Now that I’m working in the kitchen, I’ve noticed a couple of times my internet practically cuts out whenever Matthieu comes in to use the microwave. I wondered why and… it turns out the microwave shares a 2.4 GHz radio frequency with our WiFi connection. This is apparently such a common problem that Ofcom felt it necessary to tell people working from home.

It turns out your home WiFi router is like a very low-powered microwave, which is why you should always turn off your WiFi when you’re not using it, and hold your phone at least 10cm away from your head during calls.
This is why tin foil hats are back in fashion now ;)

Here’s what the floor plan of our house looks like.

floor plan

The microwave sits between my computer and the router.

I decided to test it properly.

wget -O /dev/null http://speedtest.wdc01.softlayer.com/downloads/test100.zip

This just downloads a 100MB zip file straight to nowhere.

We can see that the microwave obviously slows down the download rate. Does microwave strength make a difference?

I put another mug of milk in the microwave, turned the power level down to its lowest setting, and ran the speed test again.

low power microwave

This time the download completed in 3m13s at 583KB/s. So, it is noticeably slower, but the effect is not devastating.

There are other ways of measuring the WiFi connection in GNU/Linux, you can see some more numbers through this:

cat /proc/net/wireless

This gives values for noise and connection quality. I think those values determine the connection strength shown in the network manager panel icon.

network indicator

So, I wrote a script to output the connection quality to a file every 0.1 seconds, and I went to turn on the microwave again.

network quality graph

The average network strength over that period was 52% and it doesn’t show a sustained drop in connection quality even while the microwave is running. There are occasional drops and rogue data points, but these have been smoothed out by the line of best fit.

The network slows down, but the actual connection between the router and the computer isn’t too badly damaged. This kind of makes sense when you understand that 2.4GHz WiFi is… fairly persistent. It might not be as fast as 5GHz, but it is able to maintain a connection behind multiple walls, over long distances, and through significant interference.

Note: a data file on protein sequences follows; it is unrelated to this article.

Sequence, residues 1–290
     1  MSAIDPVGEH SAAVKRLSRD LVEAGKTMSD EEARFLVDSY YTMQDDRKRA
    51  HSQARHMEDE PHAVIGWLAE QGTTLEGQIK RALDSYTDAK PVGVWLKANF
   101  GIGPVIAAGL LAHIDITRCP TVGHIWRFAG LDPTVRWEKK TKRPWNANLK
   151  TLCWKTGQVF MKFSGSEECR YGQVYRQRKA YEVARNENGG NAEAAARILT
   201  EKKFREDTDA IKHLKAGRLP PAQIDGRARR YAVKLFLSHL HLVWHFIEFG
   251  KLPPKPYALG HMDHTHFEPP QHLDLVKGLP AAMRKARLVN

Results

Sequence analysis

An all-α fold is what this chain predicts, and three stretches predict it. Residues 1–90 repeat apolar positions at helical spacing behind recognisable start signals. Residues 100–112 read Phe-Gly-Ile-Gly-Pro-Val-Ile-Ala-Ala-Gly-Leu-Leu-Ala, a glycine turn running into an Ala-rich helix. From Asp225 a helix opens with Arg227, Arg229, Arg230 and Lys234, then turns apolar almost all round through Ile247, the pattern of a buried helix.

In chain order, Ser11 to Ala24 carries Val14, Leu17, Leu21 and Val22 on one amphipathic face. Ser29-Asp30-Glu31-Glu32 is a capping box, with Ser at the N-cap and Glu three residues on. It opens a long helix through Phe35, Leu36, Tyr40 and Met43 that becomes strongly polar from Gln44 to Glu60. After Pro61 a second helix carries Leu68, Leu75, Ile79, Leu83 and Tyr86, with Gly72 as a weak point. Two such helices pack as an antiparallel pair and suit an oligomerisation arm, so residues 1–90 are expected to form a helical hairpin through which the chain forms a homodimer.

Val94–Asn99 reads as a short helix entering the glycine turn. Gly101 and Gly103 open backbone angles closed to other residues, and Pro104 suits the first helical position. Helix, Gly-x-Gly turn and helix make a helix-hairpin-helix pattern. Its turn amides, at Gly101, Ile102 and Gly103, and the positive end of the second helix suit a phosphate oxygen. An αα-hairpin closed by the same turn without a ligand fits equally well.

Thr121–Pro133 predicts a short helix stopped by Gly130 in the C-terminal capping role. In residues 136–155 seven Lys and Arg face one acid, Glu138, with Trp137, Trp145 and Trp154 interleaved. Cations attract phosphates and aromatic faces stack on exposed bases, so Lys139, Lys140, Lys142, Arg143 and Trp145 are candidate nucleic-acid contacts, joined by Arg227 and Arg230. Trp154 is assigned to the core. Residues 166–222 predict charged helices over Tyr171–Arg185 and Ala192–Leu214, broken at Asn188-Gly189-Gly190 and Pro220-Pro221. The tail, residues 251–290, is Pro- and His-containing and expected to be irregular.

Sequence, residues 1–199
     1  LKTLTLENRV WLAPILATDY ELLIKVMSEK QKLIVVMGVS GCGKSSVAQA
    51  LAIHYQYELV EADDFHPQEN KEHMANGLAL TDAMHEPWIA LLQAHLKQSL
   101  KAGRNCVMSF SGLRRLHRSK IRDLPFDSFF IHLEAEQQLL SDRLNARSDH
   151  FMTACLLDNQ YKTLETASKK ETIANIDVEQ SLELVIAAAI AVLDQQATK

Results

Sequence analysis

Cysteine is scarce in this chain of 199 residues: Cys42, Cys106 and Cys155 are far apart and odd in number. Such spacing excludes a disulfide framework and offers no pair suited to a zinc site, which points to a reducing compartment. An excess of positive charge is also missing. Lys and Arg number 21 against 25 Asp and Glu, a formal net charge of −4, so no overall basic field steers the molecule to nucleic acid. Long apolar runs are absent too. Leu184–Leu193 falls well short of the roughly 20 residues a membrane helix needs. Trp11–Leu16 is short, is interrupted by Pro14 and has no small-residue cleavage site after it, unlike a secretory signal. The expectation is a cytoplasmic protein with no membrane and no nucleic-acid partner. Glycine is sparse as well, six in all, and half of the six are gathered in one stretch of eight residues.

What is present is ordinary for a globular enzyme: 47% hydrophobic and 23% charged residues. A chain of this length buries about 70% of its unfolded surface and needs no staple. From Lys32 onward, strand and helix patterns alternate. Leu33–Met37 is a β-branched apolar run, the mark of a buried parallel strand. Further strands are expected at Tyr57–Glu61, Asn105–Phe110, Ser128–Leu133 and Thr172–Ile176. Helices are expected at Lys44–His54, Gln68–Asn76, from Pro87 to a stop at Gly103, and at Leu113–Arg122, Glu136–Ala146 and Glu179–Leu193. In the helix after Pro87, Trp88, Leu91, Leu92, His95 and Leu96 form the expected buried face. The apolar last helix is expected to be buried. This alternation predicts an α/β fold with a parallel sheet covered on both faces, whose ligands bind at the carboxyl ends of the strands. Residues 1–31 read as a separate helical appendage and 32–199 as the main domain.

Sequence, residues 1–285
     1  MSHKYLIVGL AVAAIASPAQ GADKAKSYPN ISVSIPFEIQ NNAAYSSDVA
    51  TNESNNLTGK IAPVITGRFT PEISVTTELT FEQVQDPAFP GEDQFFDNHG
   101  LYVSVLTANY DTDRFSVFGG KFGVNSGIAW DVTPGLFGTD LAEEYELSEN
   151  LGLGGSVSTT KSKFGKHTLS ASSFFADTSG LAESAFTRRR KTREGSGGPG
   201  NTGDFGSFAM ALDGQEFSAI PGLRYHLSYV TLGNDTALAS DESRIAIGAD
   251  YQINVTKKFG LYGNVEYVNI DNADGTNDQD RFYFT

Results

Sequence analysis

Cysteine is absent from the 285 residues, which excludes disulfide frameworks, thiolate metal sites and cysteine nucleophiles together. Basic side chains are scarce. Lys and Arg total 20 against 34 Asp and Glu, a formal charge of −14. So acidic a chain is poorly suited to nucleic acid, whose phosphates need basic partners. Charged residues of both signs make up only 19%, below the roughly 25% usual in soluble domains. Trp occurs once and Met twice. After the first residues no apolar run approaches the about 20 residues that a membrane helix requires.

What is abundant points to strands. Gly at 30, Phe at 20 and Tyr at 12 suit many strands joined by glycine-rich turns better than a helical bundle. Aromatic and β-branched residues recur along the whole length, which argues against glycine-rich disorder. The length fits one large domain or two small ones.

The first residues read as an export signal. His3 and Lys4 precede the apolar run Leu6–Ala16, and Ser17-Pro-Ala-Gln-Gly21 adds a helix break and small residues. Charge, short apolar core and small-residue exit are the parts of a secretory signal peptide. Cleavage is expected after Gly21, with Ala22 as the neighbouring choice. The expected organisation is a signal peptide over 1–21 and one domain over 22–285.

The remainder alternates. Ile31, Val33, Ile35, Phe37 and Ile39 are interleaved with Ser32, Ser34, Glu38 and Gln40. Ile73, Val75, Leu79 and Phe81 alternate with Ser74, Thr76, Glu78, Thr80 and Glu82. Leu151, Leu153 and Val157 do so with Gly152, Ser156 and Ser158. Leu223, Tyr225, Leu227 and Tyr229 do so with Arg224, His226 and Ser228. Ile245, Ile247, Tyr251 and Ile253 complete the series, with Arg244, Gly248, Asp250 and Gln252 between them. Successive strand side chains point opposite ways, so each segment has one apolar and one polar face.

Up until now I’ve been using an official Rasperry Pi WiFi dongle plugged into my computer.

WiFi dongle

It uses the Broadcom BCM43143 chipset, there are free drivers for it available with Debian, which makes it very handy as a sort of all-purpose sonic screwdriver. It just works for whenever you need to connect something to WiFi and don’t want to deal with driver issues.

Meanwhile the network controller on my motherboard is an Intel Wireless 7260, which helpfully also has mainline driver support. Unfortunately, I left the wireless antennas for it in Leicester, so this weekend I ordered some new antennas.

WiFi antennas

I got some really long ones, they’re like drumsticks… the longer the antenna the lower your fertility better the signal quality? More importantly, my internal network card can use 5GHz WiFi, which means I’ll avoid radio interference from the microwave.

With the antennas connected, I ran the speed test again.

Now we see clearly the microwave has (almost) no effect. Yay!

What about the connection quality? I ran my test again over the course of a few hours (while writing this), recording one measurement every second.

graph with antenna

Unfortunately these numbers don’t tell us very much. The average link level was 44%, a bit lower than the 2.4GHz connection.
I can feel the speed boost from the fancy new antennas, and glad to get fast wireless internet even in the kitchen.